What Times Should I Eat?

by Genevieve Jackson

About Genevieve Jackson

Genevieve Jackson has written for "10th Life" and "Double A Beauty" since 2005. She is an entrepreneur with experience in risk management. She also engages in motivational speaking for entrepreneurs. Jackson received a bachelor's degree in political science from the State University of New York at Buffalo.


Eat several small meals throughout the day to stave off hunger. Begin your day with breakfast and eat a small snack between meals to satiate your appetite. Schedule meals approximately four hours apart. Eating five to six times per day increases metabolism and provides you with energy for daily activities. Waiting longer than four hours between meals may cause you to consume more calories and make unhealthy food choices.


The first meal of the day gives your body enough energy to last until your next meal. Skipping breakfast deprives your body of the energy required to function properly in the morning. The time between yesterday's dinner and the next day's lunch may last up to 12 hours. According to registered dietitian Katherine Zeratsky, going long periods of time without food may cause a drop in blood sugar. Low blood sugar leads to a decrease in brain function -- resulting in an overall drop in productivity. Boost your performance levels by eating within an a hour of getting out of bed.


Maintain energy levels by consuming an adequate lunch. Schedule lunch to take place approximately four hours after breakfast. Endocrinologist, Dr. Deepak Chopra recommends eating lunch at the same time everyday, preferably between noon and 12:30 p.m. Don't skip lunch and opt for a large dinner -- refueling your body with a midday meal will help you stay at peek performance levels throughout the afternoon. According to a December 2007 study in the medical journal "Metabolism: Clinical and Experimental," skipping meals during the day may lead to a delayed insulin response.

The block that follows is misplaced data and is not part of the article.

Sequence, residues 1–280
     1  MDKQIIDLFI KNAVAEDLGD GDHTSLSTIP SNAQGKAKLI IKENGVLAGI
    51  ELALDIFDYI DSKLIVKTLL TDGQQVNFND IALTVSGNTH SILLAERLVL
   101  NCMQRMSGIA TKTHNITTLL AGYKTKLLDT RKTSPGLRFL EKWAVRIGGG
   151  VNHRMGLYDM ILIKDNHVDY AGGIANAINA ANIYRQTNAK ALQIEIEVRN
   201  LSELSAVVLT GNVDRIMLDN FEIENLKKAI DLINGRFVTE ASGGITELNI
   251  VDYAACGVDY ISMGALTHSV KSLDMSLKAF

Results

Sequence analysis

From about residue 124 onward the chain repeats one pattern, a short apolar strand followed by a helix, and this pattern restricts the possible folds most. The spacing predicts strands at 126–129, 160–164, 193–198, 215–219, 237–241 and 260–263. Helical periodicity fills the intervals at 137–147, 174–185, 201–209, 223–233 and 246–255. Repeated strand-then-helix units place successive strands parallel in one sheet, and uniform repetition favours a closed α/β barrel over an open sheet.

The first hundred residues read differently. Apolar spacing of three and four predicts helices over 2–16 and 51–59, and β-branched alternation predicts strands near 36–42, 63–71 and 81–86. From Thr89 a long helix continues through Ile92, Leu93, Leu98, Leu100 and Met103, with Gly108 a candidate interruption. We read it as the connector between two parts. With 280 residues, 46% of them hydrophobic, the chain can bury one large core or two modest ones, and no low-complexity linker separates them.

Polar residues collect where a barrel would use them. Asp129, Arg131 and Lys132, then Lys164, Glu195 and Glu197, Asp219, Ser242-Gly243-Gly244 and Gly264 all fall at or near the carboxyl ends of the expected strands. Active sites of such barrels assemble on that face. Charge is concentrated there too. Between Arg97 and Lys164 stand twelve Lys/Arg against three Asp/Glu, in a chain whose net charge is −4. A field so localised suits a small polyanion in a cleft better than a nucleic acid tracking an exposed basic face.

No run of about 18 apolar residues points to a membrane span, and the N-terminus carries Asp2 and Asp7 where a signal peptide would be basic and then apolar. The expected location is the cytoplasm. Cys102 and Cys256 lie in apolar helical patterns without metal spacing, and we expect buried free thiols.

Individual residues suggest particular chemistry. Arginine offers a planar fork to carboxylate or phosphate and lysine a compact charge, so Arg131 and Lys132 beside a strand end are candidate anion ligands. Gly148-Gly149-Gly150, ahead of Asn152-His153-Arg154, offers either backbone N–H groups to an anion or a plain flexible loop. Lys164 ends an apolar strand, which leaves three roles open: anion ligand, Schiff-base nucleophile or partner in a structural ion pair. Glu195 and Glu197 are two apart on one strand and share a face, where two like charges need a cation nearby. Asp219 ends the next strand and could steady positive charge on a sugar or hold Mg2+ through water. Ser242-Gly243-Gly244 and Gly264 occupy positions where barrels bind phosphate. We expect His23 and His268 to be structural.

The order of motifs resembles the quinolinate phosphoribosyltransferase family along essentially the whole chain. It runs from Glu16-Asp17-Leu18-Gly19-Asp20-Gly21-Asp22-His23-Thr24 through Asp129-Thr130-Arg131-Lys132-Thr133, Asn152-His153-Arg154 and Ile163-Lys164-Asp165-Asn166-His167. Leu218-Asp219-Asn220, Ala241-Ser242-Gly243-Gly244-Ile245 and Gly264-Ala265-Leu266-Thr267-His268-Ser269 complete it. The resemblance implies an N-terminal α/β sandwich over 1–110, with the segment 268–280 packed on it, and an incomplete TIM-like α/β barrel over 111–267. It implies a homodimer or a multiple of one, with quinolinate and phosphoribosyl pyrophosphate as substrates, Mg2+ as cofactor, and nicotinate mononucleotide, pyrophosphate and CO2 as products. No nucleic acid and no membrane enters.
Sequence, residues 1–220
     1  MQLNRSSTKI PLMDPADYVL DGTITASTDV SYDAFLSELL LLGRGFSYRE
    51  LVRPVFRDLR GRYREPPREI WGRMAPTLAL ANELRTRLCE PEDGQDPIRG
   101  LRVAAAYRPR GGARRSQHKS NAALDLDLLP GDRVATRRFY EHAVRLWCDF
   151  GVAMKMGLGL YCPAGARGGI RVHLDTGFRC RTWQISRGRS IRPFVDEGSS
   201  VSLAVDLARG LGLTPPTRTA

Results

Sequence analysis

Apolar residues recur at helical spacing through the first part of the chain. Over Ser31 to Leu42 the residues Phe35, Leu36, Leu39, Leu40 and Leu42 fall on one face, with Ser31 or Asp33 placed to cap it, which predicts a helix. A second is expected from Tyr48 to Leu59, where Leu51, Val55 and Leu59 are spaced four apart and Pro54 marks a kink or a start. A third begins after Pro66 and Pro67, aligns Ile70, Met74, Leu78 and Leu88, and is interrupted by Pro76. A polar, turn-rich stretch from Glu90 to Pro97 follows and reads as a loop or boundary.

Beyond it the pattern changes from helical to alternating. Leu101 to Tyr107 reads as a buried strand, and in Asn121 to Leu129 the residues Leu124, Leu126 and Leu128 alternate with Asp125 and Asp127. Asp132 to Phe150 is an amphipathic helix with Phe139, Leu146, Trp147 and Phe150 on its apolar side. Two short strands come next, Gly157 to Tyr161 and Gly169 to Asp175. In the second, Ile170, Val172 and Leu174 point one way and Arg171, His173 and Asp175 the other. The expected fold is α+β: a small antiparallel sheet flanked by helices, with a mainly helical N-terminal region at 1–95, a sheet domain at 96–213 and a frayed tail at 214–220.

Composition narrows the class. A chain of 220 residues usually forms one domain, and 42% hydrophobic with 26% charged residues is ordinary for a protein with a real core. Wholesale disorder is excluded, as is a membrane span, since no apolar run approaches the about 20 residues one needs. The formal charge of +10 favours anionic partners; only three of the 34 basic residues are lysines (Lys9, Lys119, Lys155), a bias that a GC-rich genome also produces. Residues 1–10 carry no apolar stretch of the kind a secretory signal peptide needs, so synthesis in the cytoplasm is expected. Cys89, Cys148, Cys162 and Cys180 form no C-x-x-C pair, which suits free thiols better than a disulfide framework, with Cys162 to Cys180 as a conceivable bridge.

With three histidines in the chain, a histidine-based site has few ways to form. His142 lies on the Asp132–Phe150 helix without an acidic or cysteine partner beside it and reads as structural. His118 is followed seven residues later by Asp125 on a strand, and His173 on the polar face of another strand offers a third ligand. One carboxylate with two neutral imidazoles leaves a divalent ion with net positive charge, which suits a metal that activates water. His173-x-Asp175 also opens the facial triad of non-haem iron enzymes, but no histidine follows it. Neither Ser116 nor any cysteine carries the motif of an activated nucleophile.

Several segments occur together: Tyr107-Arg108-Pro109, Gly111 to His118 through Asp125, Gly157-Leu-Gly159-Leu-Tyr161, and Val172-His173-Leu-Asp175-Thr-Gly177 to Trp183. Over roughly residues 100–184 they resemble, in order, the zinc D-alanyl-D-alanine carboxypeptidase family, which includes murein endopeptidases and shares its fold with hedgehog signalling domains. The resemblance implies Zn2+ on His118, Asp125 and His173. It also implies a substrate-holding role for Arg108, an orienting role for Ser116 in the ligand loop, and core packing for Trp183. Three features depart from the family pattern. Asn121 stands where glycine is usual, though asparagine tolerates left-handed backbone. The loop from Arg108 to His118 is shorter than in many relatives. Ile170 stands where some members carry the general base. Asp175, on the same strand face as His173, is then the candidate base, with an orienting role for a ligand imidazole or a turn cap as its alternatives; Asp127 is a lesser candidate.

Eat dinner in the early evening approximately four hours after lunch. The nutrients consumed at dinner time will carry you throughout the night and into the morning. Not only will eating dinner within four hours of lunch maintain your energy levels, but it also helps you avoid making poor food choices. In "Is Dietary Knowledge Enough" published August 2008, The United States Department of Agriculture notes the quality of food choices degrade with longer stretches between meals. If your schedule does not permit eating dinner within four hours of lunch, eat dinner as soon as possible after the four-hour window passes, or eat a light snack to hold you over until dinner.


Let your body be your guide to hunger. If you feel hunger pangs between meals, eat a snack. Consuming a small snack two hours after a meal increases available energy stores between meals. Snacking between meals helps you avoid feeling lethargic. Registered dietitian Samantha Heller suggests eating a snack composed of protein and carbohydrates to keep blood sugar levels in check for optimal brain function.

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This article reflects the views of the writer and does not necessarily reflect the views of Jillian Michaels or JillianMichaels.com.